Monday, July 20, 2020

Do I Need Disability Insurance? Pt 1

In the world of life and health insurance sales, one product is considered to "undersold" more than others, and that product is disability insurance (DI). Sometimes known as "disability income" coverage, DI is usually sold by agents who work in the worksite or payroll deduction market, such as Aflac, Colonial Life and others who sell benefits in the workplace. These companies typically have a participation minimum, such as 3 or 5 employees having to buy the product, as well as caps as to how much they will pay out.

Then there are agents like myself who work with individual clients, mostly business owners, contract employees or otherwise self-employed people, who don't have access to the previously mentioned companies. Also, many of these people actually have an income that is above average and need higher benefit amounts.

Whether you have access to DI through an employer or not, the question remains: Do you need it? To answer that, we need to ask one more question: Do others depend on your income? Is your income needed to pay the bills, pay off debt, pay for utilities or groceries? Is your family dependent on your income to provide for educational expenses or transportation? 

When I talk to prospective clients I always ask what their number one asset is. They usually say something along the lines of their home, their business or even their car. (One lady told me it was her sparkling personality.) None of those answers was correct. Their number one asset was their ability to earn a living. Without that, they could not pay for the house, or the car or fund their business. 

Our income provides us with the ability to eat, enjoy TV and generally live indoors. I don't know about you, but I enjoy my air conditioning and hot water. 

The premise of DI is clear, but getting a policy can be a little more difficult than life insurance. Both are underwritten on the basis of your age and health, but DI is also underwritten on the basis of the type of work you do and your income. The safer your job, the lower your premium. A real estate agent will generally have a lower rate than a welder. Certain professions are very difficult if not impossible to insure, such as roofers.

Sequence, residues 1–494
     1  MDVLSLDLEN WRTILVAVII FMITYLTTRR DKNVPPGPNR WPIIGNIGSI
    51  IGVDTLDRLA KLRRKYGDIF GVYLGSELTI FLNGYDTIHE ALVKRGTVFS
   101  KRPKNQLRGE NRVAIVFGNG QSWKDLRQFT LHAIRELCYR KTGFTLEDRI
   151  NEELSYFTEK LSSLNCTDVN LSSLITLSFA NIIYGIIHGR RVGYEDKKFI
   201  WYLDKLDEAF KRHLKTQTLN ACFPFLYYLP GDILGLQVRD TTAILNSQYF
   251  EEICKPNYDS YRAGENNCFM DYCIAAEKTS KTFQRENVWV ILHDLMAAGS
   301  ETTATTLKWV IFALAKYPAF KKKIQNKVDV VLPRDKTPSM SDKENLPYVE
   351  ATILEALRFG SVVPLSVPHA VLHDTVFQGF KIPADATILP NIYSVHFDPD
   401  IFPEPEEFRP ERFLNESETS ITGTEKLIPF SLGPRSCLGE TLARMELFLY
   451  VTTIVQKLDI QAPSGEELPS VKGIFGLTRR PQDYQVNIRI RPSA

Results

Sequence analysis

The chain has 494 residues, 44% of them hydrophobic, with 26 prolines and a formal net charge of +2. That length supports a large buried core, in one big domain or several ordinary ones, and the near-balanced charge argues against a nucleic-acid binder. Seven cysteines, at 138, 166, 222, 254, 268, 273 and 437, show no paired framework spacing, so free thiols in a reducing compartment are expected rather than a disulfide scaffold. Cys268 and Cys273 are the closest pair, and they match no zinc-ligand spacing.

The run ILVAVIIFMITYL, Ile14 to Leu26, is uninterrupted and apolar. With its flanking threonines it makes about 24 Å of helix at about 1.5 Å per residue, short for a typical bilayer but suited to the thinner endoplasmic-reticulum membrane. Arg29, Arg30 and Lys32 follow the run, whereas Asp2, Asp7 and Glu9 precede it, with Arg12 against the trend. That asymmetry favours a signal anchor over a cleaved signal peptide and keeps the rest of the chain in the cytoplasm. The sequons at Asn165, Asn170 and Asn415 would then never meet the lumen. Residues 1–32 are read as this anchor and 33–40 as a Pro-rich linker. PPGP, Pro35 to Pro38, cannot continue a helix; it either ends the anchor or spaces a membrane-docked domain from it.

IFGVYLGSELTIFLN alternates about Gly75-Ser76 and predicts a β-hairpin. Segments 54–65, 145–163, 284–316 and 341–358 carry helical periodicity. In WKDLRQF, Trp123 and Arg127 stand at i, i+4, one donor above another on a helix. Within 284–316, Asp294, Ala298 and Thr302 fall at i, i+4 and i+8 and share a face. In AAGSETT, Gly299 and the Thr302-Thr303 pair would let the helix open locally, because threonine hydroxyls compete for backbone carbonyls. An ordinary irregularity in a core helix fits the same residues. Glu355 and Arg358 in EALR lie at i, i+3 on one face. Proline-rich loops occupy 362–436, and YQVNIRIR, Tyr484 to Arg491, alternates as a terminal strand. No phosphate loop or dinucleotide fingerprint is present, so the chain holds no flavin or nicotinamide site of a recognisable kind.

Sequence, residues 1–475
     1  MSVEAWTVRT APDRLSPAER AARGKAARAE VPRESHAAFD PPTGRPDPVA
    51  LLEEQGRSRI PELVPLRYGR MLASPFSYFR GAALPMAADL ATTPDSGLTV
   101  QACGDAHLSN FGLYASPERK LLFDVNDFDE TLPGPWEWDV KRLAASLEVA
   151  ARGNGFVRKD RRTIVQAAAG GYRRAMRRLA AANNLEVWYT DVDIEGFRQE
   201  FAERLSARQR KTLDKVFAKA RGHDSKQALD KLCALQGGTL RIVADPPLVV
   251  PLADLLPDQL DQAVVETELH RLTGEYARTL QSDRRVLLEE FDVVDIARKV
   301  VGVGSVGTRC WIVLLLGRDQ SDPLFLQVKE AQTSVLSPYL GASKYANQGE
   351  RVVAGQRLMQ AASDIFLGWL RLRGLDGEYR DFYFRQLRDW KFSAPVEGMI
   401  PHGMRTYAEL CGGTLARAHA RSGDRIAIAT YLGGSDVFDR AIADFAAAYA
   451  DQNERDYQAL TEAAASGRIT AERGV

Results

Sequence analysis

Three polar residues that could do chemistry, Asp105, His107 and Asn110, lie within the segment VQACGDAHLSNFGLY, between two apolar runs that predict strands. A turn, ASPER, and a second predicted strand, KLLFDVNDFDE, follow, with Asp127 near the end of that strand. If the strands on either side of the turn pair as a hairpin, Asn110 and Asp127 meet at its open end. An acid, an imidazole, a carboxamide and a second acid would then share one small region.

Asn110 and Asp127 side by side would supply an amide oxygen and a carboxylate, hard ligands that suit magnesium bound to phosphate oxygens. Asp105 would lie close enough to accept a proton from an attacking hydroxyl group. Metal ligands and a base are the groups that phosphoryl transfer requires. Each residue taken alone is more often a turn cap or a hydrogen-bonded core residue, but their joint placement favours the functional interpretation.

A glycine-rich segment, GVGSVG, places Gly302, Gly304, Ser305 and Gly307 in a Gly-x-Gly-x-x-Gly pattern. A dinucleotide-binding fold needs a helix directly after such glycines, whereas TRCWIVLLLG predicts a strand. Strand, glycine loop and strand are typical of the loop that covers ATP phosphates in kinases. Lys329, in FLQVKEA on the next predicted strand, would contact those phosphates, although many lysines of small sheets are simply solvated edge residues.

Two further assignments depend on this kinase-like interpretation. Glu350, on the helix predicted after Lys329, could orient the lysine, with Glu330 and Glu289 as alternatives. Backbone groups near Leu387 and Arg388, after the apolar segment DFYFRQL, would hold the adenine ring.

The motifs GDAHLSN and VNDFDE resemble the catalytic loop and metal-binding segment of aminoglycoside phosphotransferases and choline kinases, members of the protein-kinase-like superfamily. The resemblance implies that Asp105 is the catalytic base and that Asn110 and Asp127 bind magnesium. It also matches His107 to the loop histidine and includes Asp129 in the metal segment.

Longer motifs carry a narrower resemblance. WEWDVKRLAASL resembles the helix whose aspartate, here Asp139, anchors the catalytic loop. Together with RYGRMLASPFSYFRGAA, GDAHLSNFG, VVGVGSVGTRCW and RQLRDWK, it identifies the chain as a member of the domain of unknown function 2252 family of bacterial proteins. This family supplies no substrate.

On a sidenote, I once had a client apply for a policy who liked to fly small airplanes. The insurance carrier actually had me complete an additional form for this avocation as I was a bit concerned. After not hearing back for a few days I called the underwriter to get a decision on whether or not the policy would be issued. The nice lady said, "If we were selling life insurance to this guy, I'd be concerned, but with the kind of plane he's flying, I'm not too worried about it." I asked if she thought it was a safe plane and she said, "No, but if he crashes he won't survive to be disabled." 

Sometimes income is verified when the application is taken but I have had occasions when it was verified during a claim. Either way, the insurance carrier will usually ask for a copy of tax returns. This can vary depending on the insurance company. 

In the next post we will look at how much coverage you should look into applying for and a few other nuances of DI. In the meantime, run a quote for yourself. In the upper right corner of this blog is a calculator that will give you a ballpark estimate of what a policy may cost for you. All rates are subject to underwriting, but at least you'll have an idea. Stay healthy and I hope you subscribe and share with your friends. 

Chris Castanes is the president of Surf Financial Brokers, helping people find affordable life and disability insurance coverage. He's also is a professional speaker helping sales people be more productive and efficient and has spoken to professional and civic organizations throughout the Southeast.

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